I have a problem
I’m a perfectionist. For any given task, in the absence of evidence to the contrary — and sometimes despite the presence of said evidence — I’ll often feel the need to perform it no less than very well, and preferably superlatively.
I say “often” and not “always” because I’m a recovering perfectionist. Before my recovery began, when I could stand to feel how I felt, I’d be disappointed with my behavior, the way my life seemed to be going, and my seeming lack of agency about any of it. I’d wonder how much of my disappointment stemmed from the selfsame perfectionist judgment I was disappointed with. I’d wonder whether I’d ever have the option to think without always going in circles. I’d wonder whether I’d ever stop criticizing myself for how I criticized myself. I’d wonder about circles again, and try to stop.
I had an insight
With my brain throwing off so much waste heat, concentrating was difficult. I dropped out of college and got my first job, where I discovered the brilliantly clarifying experience of being very slightly useful to others. It became my organizing principle, my yardstick. Am I being at all useful? How can I be making myself more useful?
I’m also a procrastinator, probably because I’m a perfectionist, and vice versa, and so on. To make myself maximally more useful, the most useful change I could’ve made would’ve been to procrastinate less. But I had not, as yet, hit upon a self-engineering trick to that end.
I’ve got some tricks now
The To-Do List Trick, for example, has four steps:
- Write down a bunch of possible tasks.
- Pick the most important task, the easiest one, and one more.
- Put the easiest task first.
- Don’t worry about the order of the other two.
Step 1 eases my fear of spending precious productive minutes on the wrong thing. Step 2 limits today’s scope to tasks that I can expect to complete and are worth completing. Step 3 helps me spend less time not starting, and leaves me with much-needed momentum.
You might think Step 4 looks like a microoptimization. It’s not. It’s weirdly important.
When I get to the second task, I sometimes exercise the option to defer it until after the third one. Leaving myself that choice lets me indulge my procrastinatory tendencies when I really want to, so I can spend less cognitive energy on controlling myself. Knowing that I’ll be procrastinating productively, I also don’t spend energy second-guessing my choice to procrastinate. Since I start sooner and throw off less waste heat, I find myself getting more done, so I feel better about myself, so I keep getting more done.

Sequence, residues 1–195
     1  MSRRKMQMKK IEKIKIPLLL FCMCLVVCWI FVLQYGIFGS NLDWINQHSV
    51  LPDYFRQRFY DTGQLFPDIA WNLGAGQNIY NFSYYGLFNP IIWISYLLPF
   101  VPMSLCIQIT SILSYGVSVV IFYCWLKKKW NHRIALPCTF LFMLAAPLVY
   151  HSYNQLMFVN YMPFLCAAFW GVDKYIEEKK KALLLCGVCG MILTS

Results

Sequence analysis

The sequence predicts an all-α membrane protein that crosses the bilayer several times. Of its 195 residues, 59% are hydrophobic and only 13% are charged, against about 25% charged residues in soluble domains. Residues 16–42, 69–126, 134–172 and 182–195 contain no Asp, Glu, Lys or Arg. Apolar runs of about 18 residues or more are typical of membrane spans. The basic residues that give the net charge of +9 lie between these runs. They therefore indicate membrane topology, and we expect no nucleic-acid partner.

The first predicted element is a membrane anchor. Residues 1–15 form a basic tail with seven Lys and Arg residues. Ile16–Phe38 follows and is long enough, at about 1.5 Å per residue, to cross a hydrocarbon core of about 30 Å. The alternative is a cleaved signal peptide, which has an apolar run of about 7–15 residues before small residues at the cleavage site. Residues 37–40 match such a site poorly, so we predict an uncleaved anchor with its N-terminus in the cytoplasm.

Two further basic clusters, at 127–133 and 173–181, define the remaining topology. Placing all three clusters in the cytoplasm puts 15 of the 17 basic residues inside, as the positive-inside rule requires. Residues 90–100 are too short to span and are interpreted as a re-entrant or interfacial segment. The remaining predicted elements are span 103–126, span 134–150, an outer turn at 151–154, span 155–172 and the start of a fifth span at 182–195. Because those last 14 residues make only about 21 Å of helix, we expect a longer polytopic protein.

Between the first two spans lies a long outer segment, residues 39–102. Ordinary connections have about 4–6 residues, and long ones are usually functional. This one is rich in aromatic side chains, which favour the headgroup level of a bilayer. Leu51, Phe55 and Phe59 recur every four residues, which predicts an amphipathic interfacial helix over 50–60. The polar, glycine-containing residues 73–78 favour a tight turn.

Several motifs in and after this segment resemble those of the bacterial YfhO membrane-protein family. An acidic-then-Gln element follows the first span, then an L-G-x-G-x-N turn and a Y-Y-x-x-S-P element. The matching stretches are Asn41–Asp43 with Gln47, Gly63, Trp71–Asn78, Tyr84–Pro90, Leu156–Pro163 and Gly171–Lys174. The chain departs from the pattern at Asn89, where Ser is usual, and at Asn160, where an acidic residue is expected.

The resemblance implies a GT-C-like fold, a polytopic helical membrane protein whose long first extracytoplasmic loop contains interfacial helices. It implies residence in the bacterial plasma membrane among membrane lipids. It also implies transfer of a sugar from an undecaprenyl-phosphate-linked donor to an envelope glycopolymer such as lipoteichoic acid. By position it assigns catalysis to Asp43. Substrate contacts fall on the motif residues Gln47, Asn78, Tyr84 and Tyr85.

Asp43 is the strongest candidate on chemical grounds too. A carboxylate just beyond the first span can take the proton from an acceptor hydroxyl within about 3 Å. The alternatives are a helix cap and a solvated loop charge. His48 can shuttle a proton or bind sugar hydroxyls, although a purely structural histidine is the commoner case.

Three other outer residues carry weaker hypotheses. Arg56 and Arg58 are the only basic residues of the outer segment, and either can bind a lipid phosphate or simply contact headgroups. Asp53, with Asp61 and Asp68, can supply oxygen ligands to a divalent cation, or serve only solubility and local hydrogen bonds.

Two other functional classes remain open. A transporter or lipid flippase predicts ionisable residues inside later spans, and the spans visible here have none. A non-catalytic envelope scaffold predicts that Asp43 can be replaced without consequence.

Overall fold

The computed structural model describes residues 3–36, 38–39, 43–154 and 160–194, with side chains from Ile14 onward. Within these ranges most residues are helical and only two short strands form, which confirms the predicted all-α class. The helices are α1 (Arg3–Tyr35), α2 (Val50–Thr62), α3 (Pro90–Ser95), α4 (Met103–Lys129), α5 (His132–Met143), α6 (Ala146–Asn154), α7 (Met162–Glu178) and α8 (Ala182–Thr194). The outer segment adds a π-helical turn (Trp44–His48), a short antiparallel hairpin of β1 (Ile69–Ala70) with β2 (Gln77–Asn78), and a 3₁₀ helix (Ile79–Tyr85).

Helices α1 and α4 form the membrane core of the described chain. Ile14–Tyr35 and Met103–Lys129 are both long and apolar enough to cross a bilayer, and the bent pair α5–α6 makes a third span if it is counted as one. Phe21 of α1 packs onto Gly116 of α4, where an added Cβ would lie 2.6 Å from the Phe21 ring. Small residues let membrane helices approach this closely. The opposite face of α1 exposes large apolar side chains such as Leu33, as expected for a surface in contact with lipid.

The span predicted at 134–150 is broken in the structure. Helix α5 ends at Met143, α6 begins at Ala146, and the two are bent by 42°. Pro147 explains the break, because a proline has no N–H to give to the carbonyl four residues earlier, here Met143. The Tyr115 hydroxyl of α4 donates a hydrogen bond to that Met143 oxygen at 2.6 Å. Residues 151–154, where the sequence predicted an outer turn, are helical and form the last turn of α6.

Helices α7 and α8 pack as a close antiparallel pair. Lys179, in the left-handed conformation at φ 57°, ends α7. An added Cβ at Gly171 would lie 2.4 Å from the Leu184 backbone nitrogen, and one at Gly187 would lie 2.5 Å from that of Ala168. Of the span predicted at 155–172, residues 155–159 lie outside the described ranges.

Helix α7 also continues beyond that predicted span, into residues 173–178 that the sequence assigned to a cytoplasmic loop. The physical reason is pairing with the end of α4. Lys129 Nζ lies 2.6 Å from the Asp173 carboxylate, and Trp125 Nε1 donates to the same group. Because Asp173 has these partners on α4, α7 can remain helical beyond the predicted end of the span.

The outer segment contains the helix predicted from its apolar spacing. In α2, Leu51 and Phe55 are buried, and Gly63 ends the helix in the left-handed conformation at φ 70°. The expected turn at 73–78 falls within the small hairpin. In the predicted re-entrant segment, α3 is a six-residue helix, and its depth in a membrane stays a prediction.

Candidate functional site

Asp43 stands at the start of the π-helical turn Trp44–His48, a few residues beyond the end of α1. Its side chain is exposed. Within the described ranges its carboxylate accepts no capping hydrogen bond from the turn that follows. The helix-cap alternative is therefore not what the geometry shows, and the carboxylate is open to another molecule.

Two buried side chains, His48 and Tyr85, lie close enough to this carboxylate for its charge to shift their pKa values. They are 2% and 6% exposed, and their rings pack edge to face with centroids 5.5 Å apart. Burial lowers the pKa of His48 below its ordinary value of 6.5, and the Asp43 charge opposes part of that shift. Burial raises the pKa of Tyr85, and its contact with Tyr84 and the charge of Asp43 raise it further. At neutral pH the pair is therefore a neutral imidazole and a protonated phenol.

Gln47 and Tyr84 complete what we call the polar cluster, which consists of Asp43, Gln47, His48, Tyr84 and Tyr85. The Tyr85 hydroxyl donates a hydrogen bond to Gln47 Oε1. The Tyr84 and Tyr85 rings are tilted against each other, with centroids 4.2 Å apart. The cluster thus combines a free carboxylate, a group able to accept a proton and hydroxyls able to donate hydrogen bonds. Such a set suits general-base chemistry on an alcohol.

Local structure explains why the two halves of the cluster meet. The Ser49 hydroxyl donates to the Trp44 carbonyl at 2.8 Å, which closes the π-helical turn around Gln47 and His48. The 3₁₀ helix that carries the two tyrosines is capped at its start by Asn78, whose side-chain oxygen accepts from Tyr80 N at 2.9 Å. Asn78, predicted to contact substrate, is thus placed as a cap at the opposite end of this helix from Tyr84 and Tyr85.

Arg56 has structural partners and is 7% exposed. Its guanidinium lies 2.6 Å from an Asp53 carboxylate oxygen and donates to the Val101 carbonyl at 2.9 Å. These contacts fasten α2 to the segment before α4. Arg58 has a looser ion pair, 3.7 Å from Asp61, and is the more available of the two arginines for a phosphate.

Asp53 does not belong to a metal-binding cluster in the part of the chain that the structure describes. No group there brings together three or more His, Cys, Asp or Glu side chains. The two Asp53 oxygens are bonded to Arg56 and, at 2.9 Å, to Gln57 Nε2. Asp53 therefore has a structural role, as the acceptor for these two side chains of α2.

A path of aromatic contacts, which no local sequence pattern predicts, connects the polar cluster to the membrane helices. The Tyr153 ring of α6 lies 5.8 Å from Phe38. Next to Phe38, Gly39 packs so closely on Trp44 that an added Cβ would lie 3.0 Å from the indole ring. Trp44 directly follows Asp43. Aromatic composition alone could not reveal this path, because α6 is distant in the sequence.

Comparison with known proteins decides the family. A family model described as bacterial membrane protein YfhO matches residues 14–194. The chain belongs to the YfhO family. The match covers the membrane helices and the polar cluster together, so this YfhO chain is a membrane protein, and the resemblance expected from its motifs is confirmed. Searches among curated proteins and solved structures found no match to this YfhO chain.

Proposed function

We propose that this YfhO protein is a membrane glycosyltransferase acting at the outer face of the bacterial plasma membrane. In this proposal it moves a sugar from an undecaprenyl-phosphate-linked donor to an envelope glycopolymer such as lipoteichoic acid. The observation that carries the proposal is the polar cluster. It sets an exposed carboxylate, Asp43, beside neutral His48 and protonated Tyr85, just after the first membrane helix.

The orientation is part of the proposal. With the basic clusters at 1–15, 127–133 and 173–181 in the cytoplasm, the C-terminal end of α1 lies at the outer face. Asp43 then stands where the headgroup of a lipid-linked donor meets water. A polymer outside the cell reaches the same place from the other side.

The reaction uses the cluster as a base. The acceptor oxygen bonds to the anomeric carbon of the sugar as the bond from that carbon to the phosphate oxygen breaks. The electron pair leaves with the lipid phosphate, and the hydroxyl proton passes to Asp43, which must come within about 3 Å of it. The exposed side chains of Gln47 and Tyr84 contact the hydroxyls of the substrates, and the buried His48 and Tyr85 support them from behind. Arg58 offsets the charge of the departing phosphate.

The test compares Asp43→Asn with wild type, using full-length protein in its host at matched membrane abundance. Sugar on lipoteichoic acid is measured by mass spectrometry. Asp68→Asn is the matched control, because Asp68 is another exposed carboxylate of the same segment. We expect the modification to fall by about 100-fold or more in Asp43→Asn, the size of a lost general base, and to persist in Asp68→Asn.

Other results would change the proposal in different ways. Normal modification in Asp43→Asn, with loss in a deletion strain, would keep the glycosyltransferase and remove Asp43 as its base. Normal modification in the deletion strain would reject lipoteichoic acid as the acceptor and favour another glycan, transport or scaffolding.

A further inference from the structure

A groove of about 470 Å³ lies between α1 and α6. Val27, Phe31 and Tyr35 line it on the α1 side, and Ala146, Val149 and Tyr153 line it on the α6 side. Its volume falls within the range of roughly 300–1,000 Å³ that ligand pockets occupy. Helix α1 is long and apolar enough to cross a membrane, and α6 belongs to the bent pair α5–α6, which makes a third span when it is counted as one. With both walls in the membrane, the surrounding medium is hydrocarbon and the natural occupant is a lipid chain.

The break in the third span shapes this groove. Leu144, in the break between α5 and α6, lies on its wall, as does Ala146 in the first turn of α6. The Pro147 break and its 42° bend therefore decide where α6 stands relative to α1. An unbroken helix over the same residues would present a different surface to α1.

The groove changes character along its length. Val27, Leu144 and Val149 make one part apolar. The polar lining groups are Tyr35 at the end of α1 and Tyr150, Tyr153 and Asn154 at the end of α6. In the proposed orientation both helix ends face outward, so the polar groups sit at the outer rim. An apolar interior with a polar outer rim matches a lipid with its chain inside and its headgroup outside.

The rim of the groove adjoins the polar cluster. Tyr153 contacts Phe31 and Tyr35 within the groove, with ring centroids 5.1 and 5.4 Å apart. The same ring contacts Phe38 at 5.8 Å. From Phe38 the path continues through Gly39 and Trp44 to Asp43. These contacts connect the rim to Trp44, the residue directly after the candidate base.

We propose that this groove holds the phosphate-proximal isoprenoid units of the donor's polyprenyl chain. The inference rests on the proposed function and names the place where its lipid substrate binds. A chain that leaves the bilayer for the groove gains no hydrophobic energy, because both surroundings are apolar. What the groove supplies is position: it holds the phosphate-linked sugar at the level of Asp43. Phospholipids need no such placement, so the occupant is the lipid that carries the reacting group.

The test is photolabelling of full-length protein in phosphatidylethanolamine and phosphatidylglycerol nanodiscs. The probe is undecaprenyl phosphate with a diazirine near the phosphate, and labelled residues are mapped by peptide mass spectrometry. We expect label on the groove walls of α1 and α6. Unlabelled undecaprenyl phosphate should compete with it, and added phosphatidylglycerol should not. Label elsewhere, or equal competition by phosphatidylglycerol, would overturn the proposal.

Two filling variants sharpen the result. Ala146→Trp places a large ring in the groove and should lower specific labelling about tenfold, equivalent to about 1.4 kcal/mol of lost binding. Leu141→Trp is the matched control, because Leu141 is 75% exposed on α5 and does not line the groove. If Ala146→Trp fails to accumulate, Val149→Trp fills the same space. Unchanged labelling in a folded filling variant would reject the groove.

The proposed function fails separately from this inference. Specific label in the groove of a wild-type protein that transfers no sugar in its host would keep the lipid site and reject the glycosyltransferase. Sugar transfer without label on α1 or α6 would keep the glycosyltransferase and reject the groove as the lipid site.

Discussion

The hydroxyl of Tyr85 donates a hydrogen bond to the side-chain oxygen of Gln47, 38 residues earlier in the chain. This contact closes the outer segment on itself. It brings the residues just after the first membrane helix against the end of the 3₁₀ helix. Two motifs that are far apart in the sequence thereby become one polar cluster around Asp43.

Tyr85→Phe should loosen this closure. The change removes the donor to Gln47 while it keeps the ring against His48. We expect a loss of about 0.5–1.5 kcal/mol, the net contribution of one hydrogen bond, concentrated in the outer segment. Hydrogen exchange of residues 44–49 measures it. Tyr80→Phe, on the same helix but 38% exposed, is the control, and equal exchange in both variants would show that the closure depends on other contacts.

That’s why I mustn’t worry about the order of the second and third to-dos. If I’d put any thought whatsoever into the ordering, then I either feel less free to reorder, or I reorder anyway despite knowing I’m going to second-guess. Either way, I find myself getting less done, so I feel worse about myself, so I keep getting less done. I feel a tinge of annoyance and fatigue just putting this vicious spiral into words. To favor the virtuous spiral, Step 4 is crucial.
I’m in recovery
I still think in circles sometimes, but much less often, and mostly in ways that serve me, so it bothers me less. I still seek perfection more often than I and others need, and I still get off to slow starts more often than I and others want, but much less more often than I used to. I’ve got a small bag of tricks for exerting greater agency over my behavior. I try not to let any fall out. Occasionally I pick up a new one.
The very first trick I found, the one that started my recovery, was Test-Driven Development.
TDD saved my brain
For any given problem, I never quite totally believe I’ll be able to solve it. If I start at a whiteboard, I have to think, so I have to be smart, and I’m not sure when I’ll be done thinking, so it’s really hard to start. Instead, I make a to-do list: an even simpler one, with a single dumb-as-rocks failing test that points vaguely in a direction of some sort, possibly the wrong one, who knows. I don’t have to be smart to make it pass, so I can just do it, so I do do it. This helps me spend less time not starting, and leaves me with much-needed momentum.
Because I know I won’t have to be smart later to remember to test that thing again, I don’t spend cognitive energy second-guessing each code change. And because I generally don’t have to be smart all the time, I can afford to spend cognitive energy to load a subproblem into my head, and make careful decisions and meta-decisions about it, when I really need to.
Since I start sooner and throw off less waste heat, I find myself getting more done, so I feel better about myself, so I keep getting more done. Recognize the pattern? This is where I discovered it.
TDD not only helps me sidestep procrastination, it helps me directly address perfectionism. By overriding my default vague, implicit self-expectations with specific, explicit system expectations, TDD reduces my brain’s WIP from “effectively infinite” to “approximately 1”. Test-driving provides a bounded context in which my code frequently is perfect: when green, it’s perfect at doing everything it’s ever been asked to do. And the tests that accumulate inhibit the growth of new imperfections. With TDD, I trust myself later, so I can confidently stop sooner.
I will always be a procrastinator and perfectionist. The thinking behind TDD started me on the path to getting better, in software development and in life. I’ve acquired enough support, tools, and habits to do timely and effective work.
Still, I can always improve. And sometimes there’s no more perfect way to procrastinate than to seek self-improvement.